Auckland Council has this month changed its building inspection regime by limiting the number of bookings for new developments or consents at any one time to four visits.
Jeff Fahrensohn, the council’s inspections manager, said that from last Wednesday developers or builders could now only book four inspections on their work in total at any one time, whereas before the numbers were unlimited.
“Previously, we didn’t have limitations and it allowed them to book as many inspections as they wanted which simply overloaded the system.”
Around 12 to 15 inspections by council officials are required for each new Auckland home including drainage, slab-down, walls-up, pre-lining, cladding, roof-on, lock-up and final inspection.
But developers and builders had been bulk booking jobs, seeking far more inspections than they needed just in case their work had failed or to suit their timing, he said
So although 12 to 15 inspections are required all up, developers were bulk-booking up to 40 inspections per house, Fahrensohn said.
“We addressed this issue because of the complaints we got from people waiting for inspections and due to delays growing.”
Each inspection costs $170, he said, although a cancellation fee of the same amount applies if the inspection is cancelled on the day it was booked for.
“They just filled the whole calendar with any day they thought they might need an inspection, regardless of the load that put on us,” he said.
Those bulk bookings were made due to a variety of factors including weather conditions that could delay work, material delays, contractors not arriving at sites and many other reasons, he said.
“That meant they would cancel inspections they didn’t need at the last minute and we had up to 300 inspections being cancelled every single day, which created a nightmare for us, because we were unable to juggle the inspectors’ workloads each day.”
The council completes up to 1000 inspections a day “and if you can imagine 300 of those getting cancelled, it’s been a nightmare trying to fill those spots, because we bring people forward every day to fill those spots”.
Naveen Goel is developing a multi-unit Auckland project at 78 and 80 Commodore Dr, Lynfield. He complained about the change, saying it now took longer than ever to get an inspection booking.
But Fahrensohn said Goel’s actions were precisely the ones that had resulted in changes to the system.
“This is a classic example for us,” Fahrensohn said. “He booked 66 inspections but cancelled 34, so more than half. When I look at that, I see 34 other builders have missed out on inspections. It’s just a behaviour thing. The system allowed it because there was trust built into the system.”
Fahrensohn said he could understand Goel’s frustration about delays “because there’s massive pressure on everybody”.
But it was Goel’s actions and those of others like him that cost so many others, he said.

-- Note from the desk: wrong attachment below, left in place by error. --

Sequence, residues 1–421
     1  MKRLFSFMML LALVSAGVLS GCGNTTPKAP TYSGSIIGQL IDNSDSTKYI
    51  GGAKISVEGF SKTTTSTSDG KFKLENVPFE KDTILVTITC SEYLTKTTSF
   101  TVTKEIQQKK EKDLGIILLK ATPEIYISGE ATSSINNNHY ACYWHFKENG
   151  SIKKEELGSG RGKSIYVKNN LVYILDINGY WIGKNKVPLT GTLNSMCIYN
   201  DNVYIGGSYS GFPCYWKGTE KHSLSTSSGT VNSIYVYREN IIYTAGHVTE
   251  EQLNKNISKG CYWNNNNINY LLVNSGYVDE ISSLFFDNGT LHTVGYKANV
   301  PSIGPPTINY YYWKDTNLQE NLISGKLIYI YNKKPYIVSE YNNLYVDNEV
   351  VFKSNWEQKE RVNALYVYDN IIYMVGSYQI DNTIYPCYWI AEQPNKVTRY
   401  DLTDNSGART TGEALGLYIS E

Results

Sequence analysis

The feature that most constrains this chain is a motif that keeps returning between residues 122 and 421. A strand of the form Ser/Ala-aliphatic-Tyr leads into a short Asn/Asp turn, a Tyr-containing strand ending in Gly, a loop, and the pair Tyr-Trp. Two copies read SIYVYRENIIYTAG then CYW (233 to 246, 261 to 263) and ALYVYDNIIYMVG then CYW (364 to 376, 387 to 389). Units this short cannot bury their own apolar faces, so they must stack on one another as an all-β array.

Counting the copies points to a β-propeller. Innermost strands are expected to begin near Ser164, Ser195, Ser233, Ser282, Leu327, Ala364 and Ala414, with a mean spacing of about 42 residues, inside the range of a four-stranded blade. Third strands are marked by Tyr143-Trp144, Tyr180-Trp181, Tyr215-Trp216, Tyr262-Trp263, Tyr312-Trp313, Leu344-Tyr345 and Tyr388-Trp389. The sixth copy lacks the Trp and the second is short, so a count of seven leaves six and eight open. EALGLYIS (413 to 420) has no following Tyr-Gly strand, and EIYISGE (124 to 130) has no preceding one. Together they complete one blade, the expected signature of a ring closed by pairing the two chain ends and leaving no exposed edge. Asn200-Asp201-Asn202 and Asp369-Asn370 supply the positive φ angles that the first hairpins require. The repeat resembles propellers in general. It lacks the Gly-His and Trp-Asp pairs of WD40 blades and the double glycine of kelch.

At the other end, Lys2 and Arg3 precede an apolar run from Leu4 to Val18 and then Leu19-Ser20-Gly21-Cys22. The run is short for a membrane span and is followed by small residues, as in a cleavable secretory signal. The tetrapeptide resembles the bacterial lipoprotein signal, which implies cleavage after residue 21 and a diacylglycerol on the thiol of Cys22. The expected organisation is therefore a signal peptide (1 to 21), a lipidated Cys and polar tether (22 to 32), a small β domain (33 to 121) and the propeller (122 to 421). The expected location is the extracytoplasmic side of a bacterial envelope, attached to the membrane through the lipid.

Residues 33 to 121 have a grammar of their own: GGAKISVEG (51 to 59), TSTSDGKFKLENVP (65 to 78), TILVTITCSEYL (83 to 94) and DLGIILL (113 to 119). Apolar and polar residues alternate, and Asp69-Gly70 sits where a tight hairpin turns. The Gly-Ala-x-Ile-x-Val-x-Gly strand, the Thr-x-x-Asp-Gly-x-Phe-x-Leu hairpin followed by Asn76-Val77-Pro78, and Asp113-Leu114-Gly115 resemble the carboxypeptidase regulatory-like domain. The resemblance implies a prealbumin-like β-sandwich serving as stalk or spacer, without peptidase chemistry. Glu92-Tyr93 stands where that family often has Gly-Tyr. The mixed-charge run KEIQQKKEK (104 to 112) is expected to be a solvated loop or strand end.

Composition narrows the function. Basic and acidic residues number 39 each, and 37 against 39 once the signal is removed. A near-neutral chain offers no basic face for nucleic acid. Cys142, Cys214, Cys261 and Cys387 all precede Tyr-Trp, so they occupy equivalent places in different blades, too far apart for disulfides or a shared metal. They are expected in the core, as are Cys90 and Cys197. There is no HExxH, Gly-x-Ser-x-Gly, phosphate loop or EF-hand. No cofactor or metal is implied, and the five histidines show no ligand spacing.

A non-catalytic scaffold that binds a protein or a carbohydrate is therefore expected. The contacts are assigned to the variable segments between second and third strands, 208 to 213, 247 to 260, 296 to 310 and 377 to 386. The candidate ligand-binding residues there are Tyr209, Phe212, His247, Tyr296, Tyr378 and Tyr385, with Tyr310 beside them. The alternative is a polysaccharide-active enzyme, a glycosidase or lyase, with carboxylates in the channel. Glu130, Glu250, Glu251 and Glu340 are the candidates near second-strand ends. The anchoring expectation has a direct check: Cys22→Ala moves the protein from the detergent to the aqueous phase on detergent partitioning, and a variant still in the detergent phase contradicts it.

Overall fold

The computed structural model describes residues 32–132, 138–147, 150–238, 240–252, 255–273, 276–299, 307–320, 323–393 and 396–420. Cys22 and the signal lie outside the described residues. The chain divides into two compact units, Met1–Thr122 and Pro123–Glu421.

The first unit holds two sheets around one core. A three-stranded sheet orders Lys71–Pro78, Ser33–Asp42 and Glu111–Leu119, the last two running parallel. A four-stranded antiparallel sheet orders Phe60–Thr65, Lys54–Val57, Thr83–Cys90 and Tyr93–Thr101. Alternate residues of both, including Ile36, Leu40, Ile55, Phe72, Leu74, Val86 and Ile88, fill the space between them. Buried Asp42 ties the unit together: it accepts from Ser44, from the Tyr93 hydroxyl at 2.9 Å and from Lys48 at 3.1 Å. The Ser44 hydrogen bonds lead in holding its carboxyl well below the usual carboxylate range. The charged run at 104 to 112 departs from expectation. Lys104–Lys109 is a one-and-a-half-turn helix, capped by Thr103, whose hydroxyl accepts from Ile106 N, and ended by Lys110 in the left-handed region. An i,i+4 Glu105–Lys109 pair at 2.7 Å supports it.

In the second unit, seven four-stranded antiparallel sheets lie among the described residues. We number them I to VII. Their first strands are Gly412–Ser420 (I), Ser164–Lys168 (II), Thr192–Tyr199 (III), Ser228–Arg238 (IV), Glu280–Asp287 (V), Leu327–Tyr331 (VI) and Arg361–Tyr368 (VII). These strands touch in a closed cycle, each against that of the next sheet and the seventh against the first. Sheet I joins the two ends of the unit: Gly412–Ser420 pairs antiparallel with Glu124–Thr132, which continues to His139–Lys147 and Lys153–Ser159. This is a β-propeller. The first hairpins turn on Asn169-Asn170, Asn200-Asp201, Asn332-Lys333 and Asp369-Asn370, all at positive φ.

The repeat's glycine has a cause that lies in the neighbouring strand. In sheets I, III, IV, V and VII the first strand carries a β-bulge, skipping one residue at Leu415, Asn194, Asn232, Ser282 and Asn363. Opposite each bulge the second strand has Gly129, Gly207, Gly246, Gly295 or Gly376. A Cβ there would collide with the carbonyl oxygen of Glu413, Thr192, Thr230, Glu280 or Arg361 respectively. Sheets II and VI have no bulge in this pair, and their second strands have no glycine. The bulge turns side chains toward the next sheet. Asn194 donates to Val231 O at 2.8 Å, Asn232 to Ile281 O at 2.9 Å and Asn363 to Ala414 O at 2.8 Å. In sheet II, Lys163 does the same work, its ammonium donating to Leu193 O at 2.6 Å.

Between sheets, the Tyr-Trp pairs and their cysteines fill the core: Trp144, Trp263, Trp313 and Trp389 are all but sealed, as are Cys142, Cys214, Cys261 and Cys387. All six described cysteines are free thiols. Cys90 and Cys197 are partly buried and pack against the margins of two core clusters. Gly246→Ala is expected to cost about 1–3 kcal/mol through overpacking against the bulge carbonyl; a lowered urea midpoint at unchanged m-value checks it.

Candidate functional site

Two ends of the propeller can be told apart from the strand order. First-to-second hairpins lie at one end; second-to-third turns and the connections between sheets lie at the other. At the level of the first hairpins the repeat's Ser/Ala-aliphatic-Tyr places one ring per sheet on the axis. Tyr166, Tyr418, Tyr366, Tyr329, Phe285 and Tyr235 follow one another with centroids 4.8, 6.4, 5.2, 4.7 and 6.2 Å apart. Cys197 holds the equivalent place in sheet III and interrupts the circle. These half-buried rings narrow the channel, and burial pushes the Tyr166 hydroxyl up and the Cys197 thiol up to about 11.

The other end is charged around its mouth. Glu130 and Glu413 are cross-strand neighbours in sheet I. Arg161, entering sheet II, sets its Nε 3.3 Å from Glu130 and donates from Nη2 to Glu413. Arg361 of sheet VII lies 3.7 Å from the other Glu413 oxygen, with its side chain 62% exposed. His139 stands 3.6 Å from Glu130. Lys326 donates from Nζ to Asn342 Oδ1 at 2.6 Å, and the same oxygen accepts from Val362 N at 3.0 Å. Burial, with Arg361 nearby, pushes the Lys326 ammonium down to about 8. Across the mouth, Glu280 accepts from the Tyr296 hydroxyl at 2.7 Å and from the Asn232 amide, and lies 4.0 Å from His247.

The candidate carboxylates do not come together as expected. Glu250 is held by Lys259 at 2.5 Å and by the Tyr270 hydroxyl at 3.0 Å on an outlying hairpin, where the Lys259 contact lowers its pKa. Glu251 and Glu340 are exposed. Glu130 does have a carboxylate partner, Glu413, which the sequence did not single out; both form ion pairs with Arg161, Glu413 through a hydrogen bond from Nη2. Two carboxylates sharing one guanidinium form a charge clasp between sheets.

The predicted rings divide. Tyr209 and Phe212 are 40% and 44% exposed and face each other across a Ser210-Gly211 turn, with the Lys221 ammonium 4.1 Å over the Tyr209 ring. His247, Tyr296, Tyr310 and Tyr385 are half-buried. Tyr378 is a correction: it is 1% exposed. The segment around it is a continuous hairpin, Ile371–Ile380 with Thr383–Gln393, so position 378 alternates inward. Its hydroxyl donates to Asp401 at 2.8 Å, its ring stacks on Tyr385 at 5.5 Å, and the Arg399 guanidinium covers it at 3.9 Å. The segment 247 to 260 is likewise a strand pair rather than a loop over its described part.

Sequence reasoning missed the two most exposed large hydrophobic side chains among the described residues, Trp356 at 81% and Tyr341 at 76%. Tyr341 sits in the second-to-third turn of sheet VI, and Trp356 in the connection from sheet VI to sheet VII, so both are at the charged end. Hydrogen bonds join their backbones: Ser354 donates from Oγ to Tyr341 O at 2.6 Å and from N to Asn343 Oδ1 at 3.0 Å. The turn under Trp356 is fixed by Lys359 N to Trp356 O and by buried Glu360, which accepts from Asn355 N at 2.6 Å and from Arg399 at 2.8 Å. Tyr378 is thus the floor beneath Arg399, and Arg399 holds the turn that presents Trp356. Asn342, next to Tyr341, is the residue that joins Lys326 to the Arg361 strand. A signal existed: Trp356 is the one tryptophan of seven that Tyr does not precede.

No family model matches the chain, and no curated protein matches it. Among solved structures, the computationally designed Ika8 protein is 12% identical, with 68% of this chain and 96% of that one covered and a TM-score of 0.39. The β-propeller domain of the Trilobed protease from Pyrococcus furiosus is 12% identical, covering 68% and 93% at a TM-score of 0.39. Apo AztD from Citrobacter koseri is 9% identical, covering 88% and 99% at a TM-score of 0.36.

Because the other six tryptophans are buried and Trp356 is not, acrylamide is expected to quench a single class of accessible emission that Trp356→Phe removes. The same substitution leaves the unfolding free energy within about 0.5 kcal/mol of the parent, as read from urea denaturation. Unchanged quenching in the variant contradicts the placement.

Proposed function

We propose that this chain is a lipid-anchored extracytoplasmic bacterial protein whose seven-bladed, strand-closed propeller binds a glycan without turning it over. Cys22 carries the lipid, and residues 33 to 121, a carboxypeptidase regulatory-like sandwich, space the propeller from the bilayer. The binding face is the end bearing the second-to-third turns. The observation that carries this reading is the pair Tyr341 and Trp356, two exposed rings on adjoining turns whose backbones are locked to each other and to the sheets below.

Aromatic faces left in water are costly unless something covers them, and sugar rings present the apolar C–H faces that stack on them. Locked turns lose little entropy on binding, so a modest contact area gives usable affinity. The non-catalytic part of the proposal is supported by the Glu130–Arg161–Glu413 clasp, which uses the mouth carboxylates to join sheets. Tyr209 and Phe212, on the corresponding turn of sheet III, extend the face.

Goel complained about the booking change, saying it favoured single house development consents “and makes it exceedingly difficult for multi-house developments to get bookings”.
Fahrensohn said the process would bring down the waiting time for inspections which would make it easier for multi-unit developers to book their inspections when they need them.
“But it’s going to take a few weeks to pull those wait times down. We’re aiming for a wait time of only four to five days, whereas now it pretty much depends where you are. A wait time of 10 working days applies currently across the whole Auckland region with two areas slightly over that.”
Goel is developing his six-unit townhouse scheme “and under the old system, we could get inspection dates only one month ahead. This itself was causing severe delays in our project. Now, under the new system, we would virtually have to halt construction until an inspection is over as we can’t book more than four inspections”.
The Government made a huge uproar about the housing shortage but the council keeps creating more bottlenecks, Goel complained.
“The country can ill afford the further inordinate delays that are being caused through this new booking system.This is otherwise also not fair to multi-housing development which are under one building consent and unfairly favours single house developments.Delays also mean higher costs and thus higher house prices.”
Fahrensohn said 12 new inspectors had been employed recently and were undergoing training “and more are being recruited as we speak. There are about 150 maximum inspectors but we’re down about 12 at the moment which is why we’re training them”.
Goel said of delays: “This is an issue which will cause huge problems for all developments in Auckland and has arisen only due to the mismanagement and failures of Auckland Council.”
But Fahrensohn pointed to Goel for over-booking then cancelling jobs.
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